Maximum power point tracking (MPPT):-
Maximum power point tracking is a technique that solar inverters use to get the maximum possible power from the PV array. Solar cells have a complex relationship between solar irradiation, temperature and total resistance, that will produce a non-linear output known as I-V curve. It is the purpose of the MPPT system to sample the output of the solar panel and apply a resistance (load) to obtain maximum power for any given environmental conditions. Essentially, this defines the current that the inverter should draw from the PV in order to get the maximum possible power (since power equals voltage times current).
In the event of a power failure on the grid, it is generally required that any grid-tie inverters attached to the grid turn off in a short period of time. This prevents the inverters from continuing to feed power into small sections of the grid, known as "islands". Powered islands present a risk to workers who may expect the area to be unpowered, but equally important is the issue that without a grid signal to synchronize to, the power output of the inverters may drift from the tolerances required by customer equipment connected within the island.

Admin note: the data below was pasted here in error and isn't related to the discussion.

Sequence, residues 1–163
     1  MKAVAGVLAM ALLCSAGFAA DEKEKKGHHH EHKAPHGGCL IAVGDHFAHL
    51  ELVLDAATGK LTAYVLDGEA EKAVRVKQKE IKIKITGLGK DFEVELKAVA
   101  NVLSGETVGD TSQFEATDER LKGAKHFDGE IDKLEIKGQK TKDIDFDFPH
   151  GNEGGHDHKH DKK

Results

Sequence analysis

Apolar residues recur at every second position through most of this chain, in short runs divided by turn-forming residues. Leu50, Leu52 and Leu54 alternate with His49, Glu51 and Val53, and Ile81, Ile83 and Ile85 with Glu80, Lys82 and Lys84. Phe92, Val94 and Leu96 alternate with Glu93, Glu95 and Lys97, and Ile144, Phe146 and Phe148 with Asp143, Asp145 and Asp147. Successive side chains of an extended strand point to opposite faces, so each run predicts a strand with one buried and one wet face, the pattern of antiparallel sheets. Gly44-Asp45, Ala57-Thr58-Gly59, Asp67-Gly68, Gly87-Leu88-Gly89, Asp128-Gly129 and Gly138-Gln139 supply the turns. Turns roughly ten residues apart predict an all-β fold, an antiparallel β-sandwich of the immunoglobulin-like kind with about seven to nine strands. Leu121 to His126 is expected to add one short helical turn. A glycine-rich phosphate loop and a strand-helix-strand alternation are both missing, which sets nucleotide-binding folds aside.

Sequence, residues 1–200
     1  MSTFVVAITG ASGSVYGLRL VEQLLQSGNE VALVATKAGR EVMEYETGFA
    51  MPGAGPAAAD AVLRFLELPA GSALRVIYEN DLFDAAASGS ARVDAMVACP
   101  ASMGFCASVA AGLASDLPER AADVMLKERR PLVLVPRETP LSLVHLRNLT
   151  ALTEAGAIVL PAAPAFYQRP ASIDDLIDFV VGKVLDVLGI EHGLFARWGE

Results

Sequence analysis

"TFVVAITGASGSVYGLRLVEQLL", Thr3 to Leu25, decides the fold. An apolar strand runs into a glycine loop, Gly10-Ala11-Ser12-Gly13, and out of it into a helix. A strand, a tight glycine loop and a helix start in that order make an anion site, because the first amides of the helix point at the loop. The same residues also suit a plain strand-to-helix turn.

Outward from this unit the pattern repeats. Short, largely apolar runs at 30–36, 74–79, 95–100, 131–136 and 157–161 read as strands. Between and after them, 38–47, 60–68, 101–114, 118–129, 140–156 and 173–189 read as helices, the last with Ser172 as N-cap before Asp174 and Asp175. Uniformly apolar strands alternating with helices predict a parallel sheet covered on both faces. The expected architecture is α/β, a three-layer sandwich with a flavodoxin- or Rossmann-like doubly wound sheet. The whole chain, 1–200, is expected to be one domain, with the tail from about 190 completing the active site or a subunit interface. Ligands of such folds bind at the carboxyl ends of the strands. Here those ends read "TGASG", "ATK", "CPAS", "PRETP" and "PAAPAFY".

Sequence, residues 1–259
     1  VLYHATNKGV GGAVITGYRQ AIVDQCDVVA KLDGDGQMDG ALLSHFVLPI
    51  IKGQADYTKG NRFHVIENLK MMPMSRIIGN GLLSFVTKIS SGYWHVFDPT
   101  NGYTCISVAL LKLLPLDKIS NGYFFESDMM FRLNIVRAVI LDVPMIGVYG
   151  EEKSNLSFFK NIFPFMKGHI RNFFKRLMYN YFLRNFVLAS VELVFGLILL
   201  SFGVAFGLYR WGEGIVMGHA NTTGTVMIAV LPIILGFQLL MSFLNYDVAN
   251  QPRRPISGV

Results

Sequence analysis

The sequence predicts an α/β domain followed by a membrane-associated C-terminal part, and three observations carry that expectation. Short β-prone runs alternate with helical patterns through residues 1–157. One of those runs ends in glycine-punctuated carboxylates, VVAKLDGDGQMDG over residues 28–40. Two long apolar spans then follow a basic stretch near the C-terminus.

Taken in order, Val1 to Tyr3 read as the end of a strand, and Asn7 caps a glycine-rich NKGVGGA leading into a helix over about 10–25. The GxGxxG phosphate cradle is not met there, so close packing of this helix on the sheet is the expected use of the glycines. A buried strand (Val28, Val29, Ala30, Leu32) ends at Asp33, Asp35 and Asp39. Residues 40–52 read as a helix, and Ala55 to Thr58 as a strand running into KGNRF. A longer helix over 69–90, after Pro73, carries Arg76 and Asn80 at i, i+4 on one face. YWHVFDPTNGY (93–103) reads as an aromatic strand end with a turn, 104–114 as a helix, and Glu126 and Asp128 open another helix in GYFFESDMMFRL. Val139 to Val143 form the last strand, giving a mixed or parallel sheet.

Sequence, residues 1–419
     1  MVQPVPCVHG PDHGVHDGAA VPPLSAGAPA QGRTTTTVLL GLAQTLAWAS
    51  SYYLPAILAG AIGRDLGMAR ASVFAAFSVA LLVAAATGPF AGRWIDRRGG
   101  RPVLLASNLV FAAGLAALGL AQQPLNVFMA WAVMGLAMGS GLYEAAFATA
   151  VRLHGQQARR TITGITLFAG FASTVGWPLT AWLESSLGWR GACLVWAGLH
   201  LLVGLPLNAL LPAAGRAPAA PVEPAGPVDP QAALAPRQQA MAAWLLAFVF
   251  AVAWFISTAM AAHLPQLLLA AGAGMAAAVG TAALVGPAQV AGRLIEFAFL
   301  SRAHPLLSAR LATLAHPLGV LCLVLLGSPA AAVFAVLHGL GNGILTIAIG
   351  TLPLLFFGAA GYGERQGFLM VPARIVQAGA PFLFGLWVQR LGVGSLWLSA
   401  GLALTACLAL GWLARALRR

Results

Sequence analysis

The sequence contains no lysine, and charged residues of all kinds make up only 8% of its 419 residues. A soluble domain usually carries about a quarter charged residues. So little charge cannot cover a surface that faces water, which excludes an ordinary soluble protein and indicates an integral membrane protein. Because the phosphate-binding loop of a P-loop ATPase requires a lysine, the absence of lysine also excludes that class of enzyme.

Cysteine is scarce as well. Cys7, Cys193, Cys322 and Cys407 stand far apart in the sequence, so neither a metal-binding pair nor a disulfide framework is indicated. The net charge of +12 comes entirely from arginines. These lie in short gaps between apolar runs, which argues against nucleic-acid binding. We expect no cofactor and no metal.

Galvanic Isolation between the AC and DC sections of the solar power plant:-
Grid tied inverters, the majority of the inverters sold on the market, are incorporating high frequency components as IGBTs or thyristors and some of the manufacturer are supplying the chopping bridges without a transformer. It is a transformerless AC power generation. That it means it is not physical separation between the DC side [strings and dc power optimizers] and the AC side [grid tied connected]. There are concerns about having transformerless electrical systems feed into the public utility grid because of the lack of galvanic isolation between the DC and AC circuits could allow the passage of dangerous DC faults to be transmitted to the AC side. There for an additional transformer on the AC side will do just that, galvanic separate the DC from AC. This solution comes with an economical cost: copper and additional weight.
Inverter intercommunication and monitoring:-
Some models include a communications “link,” which allows interconnecting multiple inverters to provide synchronized higher wattage and voltage outputs. In this situation we will have a master inverter which monitors the well being of a chain of similar inverters.
High efficiency conversion:-
One of the major component to maximizing the power output of a solar installation is to utilize high efficiency conversion. Efficiency is the measure of power out of the inverter as a percentage of the power into the inverter. Thus, high efficiency PV inverters use less of power in the conversion process and supply more of the power for use.
The information posted herein has been compiled by Clean Energy Brands from OEM product data and reputable publications. All rights reserved!